Updated: Saturday, 10 Nov 2012, 7:30 PM EST
Published : Saturday, 10 Nov 2012, 7:30 PM EST
TERRE HAUTE, Ind. (WTHI) - The 2012 Election saw an unprecedented dollar amount of campaign contributions.
From the presidential race to our local congressional races, campaigns spent more money than ever before.
But, it looks like this year is only the tip of the iceberg.
Here’s a staggering number: $6 billion
That's roughly the amount of money campaigns and candidates spent on the 2012 Election cycle.
But if you think that's standard for previous elections, it's not.
In fact, the 2012 Election has set the new standard for how much money will be spent on campaigning.
These more than impressive dollar amounts are allowed, thanks to a recent Supreme Court ruling.
"This has gotten a lot of attention, based off of super PACs, and the decision by the Supreme Court case and the free speech rights that corporation and multi millionaires and billionaires have," said Matthew Berbower PH. D from Indiana State University
To put the entire situation in perspective for you, we focus in on one of Indiana's hotly contested elections.
The Senate race between Republican Richard Mourdock and Democrat Joe Donnelly.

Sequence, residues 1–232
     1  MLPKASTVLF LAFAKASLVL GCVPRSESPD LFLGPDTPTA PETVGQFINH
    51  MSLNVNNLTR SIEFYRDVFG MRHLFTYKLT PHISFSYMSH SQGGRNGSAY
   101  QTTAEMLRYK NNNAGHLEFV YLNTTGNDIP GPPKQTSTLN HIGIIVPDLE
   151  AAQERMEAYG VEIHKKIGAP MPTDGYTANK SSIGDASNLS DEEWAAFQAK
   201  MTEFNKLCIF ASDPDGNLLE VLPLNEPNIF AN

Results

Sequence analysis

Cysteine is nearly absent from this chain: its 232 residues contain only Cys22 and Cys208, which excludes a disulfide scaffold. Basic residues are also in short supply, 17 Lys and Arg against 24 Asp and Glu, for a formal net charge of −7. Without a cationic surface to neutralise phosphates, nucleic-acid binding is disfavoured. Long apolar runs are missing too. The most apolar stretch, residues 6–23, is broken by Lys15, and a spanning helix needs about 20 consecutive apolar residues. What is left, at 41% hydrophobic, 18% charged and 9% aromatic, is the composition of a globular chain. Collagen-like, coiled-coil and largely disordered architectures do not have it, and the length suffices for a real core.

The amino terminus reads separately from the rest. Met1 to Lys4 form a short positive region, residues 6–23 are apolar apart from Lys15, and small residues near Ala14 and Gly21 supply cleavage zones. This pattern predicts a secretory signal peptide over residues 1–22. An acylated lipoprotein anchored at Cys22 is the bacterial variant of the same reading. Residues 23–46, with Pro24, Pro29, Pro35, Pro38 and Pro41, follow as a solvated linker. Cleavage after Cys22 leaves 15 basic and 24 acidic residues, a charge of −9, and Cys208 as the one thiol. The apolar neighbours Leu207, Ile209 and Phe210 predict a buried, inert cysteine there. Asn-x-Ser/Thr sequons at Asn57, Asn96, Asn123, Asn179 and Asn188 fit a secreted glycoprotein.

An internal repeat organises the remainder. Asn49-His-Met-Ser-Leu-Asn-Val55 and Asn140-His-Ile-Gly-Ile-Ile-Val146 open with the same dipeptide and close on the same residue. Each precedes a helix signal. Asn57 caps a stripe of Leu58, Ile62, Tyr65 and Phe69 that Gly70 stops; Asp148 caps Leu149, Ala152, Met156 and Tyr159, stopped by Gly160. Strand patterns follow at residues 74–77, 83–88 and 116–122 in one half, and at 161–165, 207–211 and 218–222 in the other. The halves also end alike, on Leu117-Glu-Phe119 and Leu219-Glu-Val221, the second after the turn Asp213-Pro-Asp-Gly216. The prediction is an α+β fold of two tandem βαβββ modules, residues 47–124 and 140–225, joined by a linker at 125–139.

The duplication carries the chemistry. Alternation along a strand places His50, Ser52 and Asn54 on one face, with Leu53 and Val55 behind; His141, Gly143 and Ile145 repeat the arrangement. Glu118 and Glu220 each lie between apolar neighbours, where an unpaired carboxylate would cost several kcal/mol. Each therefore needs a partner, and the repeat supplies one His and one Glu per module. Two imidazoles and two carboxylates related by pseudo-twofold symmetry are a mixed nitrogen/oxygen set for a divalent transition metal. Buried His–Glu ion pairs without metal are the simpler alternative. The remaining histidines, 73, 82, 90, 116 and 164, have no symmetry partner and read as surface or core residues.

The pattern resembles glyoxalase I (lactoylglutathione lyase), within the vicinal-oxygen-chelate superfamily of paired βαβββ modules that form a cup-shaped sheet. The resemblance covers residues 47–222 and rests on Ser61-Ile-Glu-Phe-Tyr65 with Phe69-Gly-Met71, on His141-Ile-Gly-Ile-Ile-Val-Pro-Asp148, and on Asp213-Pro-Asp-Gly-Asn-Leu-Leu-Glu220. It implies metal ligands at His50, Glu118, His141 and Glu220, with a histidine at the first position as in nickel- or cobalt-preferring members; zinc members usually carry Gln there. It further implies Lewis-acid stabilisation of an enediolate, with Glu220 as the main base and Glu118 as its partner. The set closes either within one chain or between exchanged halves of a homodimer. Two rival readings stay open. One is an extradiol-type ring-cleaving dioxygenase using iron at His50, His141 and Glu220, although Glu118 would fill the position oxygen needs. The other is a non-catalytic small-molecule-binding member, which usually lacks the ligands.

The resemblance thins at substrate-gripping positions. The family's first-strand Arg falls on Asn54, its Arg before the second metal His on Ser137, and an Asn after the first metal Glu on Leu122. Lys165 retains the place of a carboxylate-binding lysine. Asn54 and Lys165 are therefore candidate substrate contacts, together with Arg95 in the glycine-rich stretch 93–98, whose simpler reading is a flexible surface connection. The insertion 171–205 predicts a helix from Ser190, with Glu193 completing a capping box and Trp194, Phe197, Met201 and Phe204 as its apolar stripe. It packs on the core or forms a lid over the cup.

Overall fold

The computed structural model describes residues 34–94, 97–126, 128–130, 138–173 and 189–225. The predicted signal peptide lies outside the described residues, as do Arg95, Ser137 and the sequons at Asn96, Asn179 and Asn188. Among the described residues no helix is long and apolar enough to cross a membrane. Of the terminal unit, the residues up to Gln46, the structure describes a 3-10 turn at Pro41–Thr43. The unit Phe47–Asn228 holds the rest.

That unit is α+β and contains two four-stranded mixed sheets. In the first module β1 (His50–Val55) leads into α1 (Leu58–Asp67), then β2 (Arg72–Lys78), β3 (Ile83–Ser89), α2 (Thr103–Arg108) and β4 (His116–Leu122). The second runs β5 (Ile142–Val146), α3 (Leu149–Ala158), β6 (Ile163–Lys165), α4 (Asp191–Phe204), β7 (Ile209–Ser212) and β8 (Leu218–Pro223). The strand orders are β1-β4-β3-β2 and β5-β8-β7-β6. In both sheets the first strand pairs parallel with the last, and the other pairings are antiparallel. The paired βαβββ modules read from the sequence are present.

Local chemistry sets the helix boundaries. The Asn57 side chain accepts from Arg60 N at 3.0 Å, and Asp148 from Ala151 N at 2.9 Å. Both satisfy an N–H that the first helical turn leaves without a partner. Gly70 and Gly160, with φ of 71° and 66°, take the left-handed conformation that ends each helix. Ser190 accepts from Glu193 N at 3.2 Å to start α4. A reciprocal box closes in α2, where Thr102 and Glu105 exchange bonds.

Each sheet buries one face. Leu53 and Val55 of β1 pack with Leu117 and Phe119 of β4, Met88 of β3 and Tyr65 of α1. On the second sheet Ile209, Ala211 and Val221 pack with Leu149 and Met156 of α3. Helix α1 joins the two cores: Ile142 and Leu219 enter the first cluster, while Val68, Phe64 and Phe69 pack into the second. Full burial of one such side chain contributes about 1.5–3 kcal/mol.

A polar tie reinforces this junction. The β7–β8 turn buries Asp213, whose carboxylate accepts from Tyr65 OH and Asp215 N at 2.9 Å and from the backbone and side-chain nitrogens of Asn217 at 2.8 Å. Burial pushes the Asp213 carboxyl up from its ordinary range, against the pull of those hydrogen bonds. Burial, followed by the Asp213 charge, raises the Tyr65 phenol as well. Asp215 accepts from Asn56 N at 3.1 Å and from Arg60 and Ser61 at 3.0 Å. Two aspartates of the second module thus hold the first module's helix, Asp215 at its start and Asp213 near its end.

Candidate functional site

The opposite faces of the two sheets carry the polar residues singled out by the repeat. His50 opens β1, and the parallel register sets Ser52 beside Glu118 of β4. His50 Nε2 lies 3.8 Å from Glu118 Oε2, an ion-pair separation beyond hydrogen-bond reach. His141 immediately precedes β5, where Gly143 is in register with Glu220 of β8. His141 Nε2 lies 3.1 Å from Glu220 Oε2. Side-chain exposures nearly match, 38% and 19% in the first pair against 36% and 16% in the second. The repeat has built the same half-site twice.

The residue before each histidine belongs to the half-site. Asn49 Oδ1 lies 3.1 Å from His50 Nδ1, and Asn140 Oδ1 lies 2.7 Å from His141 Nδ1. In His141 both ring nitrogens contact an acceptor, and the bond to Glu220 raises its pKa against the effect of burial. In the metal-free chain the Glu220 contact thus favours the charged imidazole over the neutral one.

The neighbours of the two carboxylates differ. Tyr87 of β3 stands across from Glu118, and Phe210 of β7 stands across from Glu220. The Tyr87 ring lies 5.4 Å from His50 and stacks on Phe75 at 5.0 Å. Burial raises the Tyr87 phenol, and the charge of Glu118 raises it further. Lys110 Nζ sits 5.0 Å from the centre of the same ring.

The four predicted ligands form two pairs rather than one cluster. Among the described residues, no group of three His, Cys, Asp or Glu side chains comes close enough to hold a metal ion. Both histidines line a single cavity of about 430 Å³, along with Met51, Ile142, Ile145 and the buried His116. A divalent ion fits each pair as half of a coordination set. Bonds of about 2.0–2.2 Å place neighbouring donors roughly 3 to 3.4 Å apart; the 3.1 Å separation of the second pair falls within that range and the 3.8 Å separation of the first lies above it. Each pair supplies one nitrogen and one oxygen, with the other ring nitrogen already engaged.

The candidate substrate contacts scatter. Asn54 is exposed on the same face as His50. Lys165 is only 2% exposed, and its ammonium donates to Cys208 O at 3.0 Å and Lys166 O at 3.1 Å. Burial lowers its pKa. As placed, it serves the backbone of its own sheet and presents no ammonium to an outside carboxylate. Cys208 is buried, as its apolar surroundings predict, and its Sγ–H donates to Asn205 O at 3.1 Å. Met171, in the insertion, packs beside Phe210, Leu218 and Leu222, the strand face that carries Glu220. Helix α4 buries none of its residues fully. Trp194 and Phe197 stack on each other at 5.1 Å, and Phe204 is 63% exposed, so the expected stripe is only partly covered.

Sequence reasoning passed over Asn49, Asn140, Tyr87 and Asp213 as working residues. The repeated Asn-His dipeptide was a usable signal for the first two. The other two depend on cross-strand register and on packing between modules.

Combined amounts of the two add up to over $25 million on the race
That's five times what was spent in 2010, in The Dan Coats, Brad Ellsworth race.
If you break that down to the number of Hoosiers who actually voted on Tuesday, it's $10 per vote.
Take it one step further and see how much a vote cost each candidate.
Democrat Joe Donnelly spent around $11.5 million and got over 1.2 million votes, which means his campaign, and supporters, spent about $9 per vote.
Whereas, his opponent, Richard Mourdock, spent $13.6 million to get over 1.1 million voters.
For Mourdock, his loss to Donnelly was steeper, because he spent $12 per vote.
But as Dr. Bergbower stated previous, this election could be just the tip of iceberg.
"The numbers go up. I expect them to go up again in 2016. It's a prize both parties want to win and millionaires and billionaires want to be on board with the winner," Bergbower said.
An interesting parting note: between President Barack Obama and his challenger Mitt Romney, the two campaigns spent over $1.6 billion.
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